Despite the country’s sprawling tourist attractions, the tourism sector in Liberia remains largely untapped primarily due to the lack of a clear roadmap that would guide the process of developing the sector that holds so much potential for job growth. But few months to the ends of its tenure, the government of Liberia has begun taking practical steps that will go a long way in ensuring tourism is marketed and utilized for the good of the citizenry, particularly the young people.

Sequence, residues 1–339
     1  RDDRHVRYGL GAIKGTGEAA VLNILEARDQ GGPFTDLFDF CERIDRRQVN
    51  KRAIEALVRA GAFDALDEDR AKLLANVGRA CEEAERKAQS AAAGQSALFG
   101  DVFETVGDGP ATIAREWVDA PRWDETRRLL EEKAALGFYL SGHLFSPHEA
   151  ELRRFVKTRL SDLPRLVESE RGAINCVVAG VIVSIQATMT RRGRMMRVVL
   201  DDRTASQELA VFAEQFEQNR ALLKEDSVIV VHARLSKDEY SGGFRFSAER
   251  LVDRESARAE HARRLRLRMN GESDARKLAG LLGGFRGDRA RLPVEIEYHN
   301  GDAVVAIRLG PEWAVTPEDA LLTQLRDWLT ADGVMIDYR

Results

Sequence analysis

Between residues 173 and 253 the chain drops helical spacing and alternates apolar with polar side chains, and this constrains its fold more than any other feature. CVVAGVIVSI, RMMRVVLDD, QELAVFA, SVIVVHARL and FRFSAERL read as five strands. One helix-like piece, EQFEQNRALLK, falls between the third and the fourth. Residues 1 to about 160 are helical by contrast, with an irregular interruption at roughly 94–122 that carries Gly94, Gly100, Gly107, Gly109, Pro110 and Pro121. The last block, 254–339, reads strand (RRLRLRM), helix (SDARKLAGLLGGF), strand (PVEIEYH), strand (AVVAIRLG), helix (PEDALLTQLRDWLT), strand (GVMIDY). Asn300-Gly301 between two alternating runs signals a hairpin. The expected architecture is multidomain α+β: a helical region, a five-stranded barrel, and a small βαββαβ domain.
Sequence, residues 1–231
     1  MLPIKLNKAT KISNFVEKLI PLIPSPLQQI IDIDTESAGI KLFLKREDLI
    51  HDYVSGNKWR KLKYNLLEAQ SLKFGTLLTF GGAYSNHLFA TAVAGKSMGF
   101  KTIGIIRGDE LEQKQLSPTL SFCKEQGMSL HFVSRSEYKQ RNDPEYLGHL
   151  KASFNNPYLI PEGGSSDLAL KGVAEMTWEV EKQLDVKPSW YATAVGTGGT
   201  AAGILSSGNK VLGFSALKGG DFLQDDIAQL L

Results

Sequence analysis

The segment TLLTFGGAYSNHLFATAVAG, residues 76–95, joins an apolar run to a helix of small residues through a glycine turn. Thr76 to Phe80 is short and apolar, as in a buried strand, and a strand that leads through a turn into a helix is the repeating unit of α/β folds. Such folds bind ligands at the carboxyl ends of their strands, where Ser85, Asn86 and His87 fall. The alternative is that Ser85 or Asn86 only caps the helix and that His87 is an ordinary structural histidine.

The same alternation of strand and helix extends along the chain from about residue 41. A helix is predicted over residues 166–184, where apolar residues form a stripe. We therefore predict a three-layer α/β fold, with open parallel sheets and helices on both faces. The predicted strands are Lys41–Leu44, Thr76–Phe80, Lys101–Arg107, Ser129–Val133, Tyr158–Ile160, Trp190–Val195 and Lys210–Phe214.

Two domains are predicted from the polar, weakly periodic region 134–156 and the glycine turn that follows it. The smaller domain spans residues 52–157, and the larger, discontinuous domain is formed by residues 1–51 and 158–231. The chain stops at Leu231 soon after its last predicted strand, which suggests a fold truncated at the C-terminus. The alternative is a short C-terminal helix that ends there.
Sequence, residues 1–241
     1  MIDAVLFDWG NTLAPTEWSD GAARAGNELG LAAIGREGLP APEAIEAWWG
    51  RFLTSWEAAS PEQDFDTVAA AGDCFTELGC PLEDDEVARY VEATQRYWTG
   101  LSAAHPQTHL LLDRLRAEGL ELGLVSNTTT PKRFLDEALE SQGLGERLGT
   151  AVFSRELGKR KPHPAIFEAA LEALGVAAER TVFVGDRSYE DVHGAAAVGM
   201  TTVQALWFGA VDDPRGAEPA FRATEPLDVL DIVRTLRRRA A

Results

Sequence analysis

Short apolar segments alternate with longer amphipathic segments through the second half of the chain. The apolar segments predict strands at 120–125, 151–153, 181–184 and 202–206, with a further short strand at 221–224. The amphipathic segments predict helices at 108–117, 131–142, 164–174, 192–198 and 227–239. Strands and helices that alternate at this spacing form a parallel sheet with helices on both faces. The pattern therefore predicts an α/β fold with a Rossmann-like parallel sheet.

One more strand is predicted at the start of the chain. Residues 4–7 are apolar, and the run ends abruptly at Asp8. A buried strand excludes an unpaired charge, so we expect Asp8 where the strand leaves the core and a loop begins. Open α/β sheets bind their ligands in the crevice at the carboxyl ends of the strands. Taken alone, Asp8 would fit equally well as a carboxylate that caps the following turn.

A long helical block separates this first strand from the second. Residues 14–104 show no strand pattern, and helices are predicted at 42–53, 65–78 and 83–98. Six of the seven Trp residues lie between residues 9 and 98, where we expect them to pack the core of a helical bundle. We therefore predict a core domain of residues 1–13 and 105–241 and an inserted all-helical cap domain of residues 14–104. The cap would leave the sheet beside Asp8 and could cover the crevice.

To this end, the Ministries of Information Culture and Tourism and Commerce and Industry, working along with the International Trade Center (ITC), launched the Liberia National Export Strategy (LNES) on Tourism last Wednesday, July 27, 2016 at the Monrovia City Hall. The LNES on Tourism is an integral part of the WTO Post Accession Plan. The Strategy contains nine pilot projects that have the potential to transform Liberia’s tourism industry. The LNES on Tourism brings to five the number of export strategies being considered to diversify Liberia’s economy. Addressing journalists following the launch of the strategy, Information Minister Lenn Eugene Nagbe indicated that the strategy is critical and a fundamental component of the government effort to develop a more vibrant tourism industry as a means of enabling social and economic development. Minister Nagbe narrated that the tourism industry is one the fastest growing sectors in the world economy and a key driver for development; it is labor intensive and stimulates the growth and development of Small and Medium Enterprises (SMEs). “The tourism potential is very remarkable. Our country is endowed with rich culture and a wide variety of beauty ranging from pristine mountains and valleys,” Nagbe recounted. The strategy to develop Liberia’s tourism sector, Nagbe said, is a critical step to addressing the evolving issues of inadequate regulatory regime, capacity deficit in the service sector and a need to ensure that everyone is involved in harnessing the gains in the sector. For his part, Commerce and Industry Minister Axel Addy pointed out that unlike other sectors little investment is required in the tourism subsectors. Addy maintains that the tourism sector is unique in that “you do not need roads, but to empower community people and promote a particular national endowment,” noting, “We are on the path of transformation. These deliverables are part of the WTO post accession plan that calls for infrastructure investment and development. We want to improve our ability to generate more revenue for sustained development”. Also speaking, the Executive Director of the International Trade Center, Arancha Gonzalez, emphasized that the strategy intends to mobilize stakeholders in the areas of ecotourism, wildlife, and surfing because the long kilometers of Liberia’s beaches must be a paradise for international surfers. She named hurdles identified to addressing bottlenecks in the tourism sector as quality management in hospitality, changing the tax code and visa rules, and infrastructure investments in roads, noting that most of these bottlenecks have already been addressed within the Liberian tourism sector. Liberia has a coastal belt of 350 miles along the Atlantic Ocean offering some of the best locations for beach resorts with a background canopy of greenery and clean and perfect scenes for sunbathing, swimming and outdoor relaxation. The Kpatawee Waterfalls in Central Liberia or the Lake Piso, which connects to the Atlantic Ocean in western Grand Cape Mount County all exude the complexities, beauty and serenity of mother nature, generating a recurrent love for nature every time one visits there. The rivers, mountains, islands and cultural villages could bring tourists face-to-face with the cultural, traditional and natural heritage of a country so under-explored in terms of the wonders and endowments of nature.